Sunday, December 14, 2014

Old Habits Die Hard

Since The Vine's ministry ended in October, some of you have wondered what we've been up to.

The same week we held our final worship service, I started working more regular hours at Lakeview Kitchen, a specialty grocery store that offers delicious paninis, soups, baked goods, chocolates and everything that is wonderful about food. I have joined the ranks of those who are on a regular work schedule - Tuesday through Saturday, 11:30 AM to close.

I enjoy what I do. I get to talk to customers, advise them (to the best of my limited knowledge) on purchases, make lattes, stock shelves, assist with record-keeping, take orders, and generally be hospitable and helpful. Connecting with people is great. In some ways, it's not too different about certain aspects of our ministry in Haverhill, except my interactions with people are (1) way more limited and (2) very fleeting. But I feel like if my conversation or interaction with someone can, in some small way, make their day better, then I've done my job well. Even on difficult days, I have a sense that if the people who visited the store had a positive experience, then it's all worth it. I enjoy my coworkers, my bosses are great; it's a lovely place to work.

Plus - everything in this store is delicious. I'm surprised that I haven't gained weight working here because literally, I am surrounded by amazing chocolate, delectable cheeses, mouthwatering scones and cookies, and much, much more. I'm also surprised that I don't spend my whole paycheck every week on yummy things to eat! (Ben would probably not appreciate it if I did that...)

The challenging piece of all this hasn't been the work. Work has been easy. It's how everything else fits in that has been difficult. Over my time in Haverhill, I've accumulated several different community hats, many that fit authentically with what I enjoy doing with my time and energy and that also fit well within the framework of how I envisioned my ministry in the city. I've found myself having to choose and prioritize how I spend my time (something I'm not great at to begin with). Add this to the mix of still being so unsure of what comes next long-term, evaluating options, wrapping up loose Vine ends, being worried about the present and its demands, and it's pretty stressful. There hasn't been a lot of room for good self-care (I take whatever I can get, which usually ends up being mindlessly watching TV in the evenings when I am home and football marathons on Sundays).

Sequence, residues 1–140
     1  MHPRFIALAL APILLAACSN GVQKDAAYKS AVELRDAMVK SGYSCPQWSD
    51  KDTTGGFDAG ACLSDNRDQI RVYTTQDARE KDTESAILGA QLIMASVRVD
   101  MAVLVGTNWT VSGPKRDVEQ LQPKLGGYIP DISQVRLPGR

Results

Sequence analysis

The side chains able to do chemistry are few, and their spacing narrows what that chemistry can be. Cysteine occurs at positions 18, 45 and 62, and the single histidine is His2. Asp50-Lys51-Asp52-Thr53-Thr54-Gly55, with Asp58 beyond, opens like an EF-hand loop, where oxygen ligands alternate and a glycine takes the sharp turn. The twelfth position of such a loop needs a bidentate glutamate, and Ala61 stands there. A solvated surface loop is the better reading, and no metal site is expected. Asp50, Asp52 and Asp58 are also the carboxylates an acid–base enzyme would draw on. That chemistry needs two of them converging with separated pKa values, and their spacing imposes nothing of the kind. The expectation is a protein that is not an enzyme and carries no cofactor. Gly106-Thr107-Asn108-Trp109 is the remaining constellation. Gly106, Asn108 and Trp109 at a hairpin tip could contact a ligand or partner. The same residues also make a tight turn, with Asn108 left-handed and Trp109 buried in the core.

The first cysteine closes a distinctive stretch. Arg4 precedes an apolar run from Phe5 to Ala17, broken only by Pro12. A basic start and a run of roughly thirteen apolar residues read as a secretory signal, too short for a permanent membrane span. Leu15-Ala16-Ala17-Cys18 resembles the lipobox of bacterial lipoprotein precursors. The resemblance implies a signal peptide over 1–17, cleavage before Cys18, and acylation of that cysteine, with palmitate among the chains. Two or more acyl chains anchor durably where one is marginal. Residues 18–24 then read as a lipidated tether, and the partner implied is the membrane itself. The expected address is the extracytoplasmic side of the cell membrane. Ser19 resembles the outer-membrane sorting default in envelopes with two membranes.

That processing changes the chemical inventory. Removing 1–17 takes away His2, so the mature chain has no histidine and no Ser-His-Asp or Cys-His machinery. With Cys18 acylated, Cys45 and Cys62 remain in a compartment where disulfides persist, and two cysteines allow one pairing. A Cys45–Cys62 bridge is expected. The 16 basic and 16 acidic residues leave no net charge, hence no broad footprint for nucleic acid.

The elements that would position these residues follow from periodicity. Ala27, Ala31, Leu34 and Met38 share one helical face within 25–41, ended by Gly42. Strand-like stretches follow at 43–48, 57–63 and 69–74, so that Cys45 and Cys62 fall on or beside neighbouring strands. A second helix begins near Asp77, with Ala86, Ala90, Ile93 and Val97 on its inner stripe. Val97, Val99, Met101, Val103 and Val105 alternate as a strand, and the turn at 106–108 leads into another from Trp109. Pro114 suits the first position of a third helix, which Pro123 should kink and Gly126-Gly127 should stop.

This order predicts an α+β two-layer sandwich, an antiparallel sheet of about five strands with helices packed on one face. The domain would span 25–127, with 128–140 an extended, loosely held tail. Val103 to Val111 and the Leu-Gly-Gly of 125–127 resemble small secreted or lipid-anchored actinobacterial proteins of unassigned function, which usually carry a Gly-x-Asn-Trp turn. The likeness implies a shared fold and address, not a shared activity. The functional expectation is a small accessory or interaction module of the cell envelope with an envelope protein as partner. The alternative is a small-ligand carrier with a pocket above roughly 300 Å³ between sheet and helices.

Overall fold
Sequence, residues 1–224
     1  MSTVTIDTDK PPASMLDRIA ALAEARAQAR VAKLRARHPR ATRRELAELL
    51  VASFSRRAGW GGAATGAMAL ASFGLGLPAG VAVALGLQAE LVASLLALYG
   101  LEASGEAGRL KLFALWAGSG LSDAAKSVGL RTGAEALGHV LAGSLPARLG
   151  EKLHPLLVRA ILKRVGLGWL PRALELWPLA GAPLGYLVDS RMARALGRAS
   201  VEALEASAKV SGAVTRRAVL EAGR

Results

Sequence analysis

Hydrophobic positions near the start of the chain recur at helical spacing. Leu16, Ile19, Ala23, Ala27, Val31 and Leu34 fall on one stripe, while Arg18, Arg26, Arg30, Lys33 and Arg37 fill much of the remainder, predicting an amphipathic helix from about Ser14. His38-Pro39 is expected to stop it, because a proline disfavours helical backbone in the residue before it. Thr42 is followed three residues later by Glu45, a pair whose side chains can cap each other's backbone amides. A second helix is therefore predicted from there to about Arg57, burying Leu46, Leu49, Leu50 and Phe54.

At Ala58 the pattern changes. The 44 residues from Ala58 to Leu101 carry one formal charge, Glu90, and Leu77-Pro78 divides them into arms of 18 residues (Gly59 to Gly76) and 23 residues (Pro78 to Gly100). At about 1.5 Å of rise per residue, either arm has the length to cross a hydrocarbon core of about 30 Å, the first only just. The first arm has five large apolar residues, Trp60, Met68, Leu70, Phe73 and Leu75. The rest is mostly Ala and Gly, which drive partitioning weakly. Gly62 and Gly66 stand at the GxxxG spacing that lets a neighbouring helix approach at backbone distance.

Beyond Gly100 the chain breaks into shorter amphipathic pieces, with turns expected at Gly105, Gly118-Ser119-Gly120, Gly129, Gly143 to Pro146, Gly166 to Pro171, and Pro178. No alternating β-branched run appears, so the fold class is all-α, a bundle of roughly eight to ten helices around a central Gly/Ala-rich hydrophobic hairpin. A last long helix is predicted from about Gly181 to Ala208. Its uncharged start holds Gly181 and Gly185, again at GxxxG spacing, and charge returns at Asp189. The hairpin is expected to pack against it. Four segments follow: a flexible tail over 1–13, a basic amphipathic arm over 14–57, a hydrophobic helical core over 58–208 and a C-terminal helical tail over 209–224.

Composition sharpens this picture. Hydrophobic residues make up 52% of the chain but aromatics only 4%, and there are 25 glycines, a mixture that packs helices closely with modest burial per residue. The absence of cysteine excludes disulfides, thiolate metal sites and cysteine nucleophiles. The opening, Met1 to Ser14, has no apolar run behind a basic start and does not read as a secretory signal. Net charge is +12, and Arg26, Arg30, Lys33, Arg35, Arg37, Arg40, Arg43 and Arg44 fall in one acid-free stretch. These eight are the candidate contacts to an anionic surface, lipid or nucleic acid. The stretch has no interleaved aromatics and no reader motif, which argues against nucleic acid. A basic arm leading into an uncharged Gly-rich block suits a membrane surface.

Most of the time, I don't let myself think about it. I have so much on my plate and I know how to deal with being overwhelmed with multiple demands, so it doesn't bother me as much as it really should. Juggling is familiar. Overworking is familiar. Going in fifty thousand different directions is familiar.

I know this pace of life isn't sustainable. It hasn't really allowed me to process or grieve the loss of the Vine. It hasn't really allowed me to start preparing for whatever might be next for us. It hasn't really given me the space I need to listen to God's call and to think about who I am apart from this thing called pastoral ministry. (I've thought about all these things some, I just haven't been able to really reflect on it all). I keep telling myself that it's just for a season - just until after the holidays, just until January, just until the next vacation or whatever. In reality, though, I'm not sure I know how to live differently.

I'm in the process of transitioning out of a few things I'm involved with in the community - some sooner and some later. The challenge will be to rearrange my plate so that the important things get priority...and not to get back into bad habits.

There is grace in all this, somehwere. Grace is in having a wonderful, loving husband who patiently puts up with me rushing everywhere and running out the door five minutes behind schedule nearly every morning. Grace is having a supportive family who will listen when I'm having a stressful day. Grace is going for a morning walk with the doggies and seeing a beautiful sunrise (when I'm up that early). Grace is having an unexpected quiet evening at home, snuggling with the dogs and with Ben and having a Parks and Recreation marathon. Grace is dinner with friends. Grace is knowing that despite the crazy, busy, unsustainable pace of life -- it'll all work out in the end. Grace is knowing that life is good.

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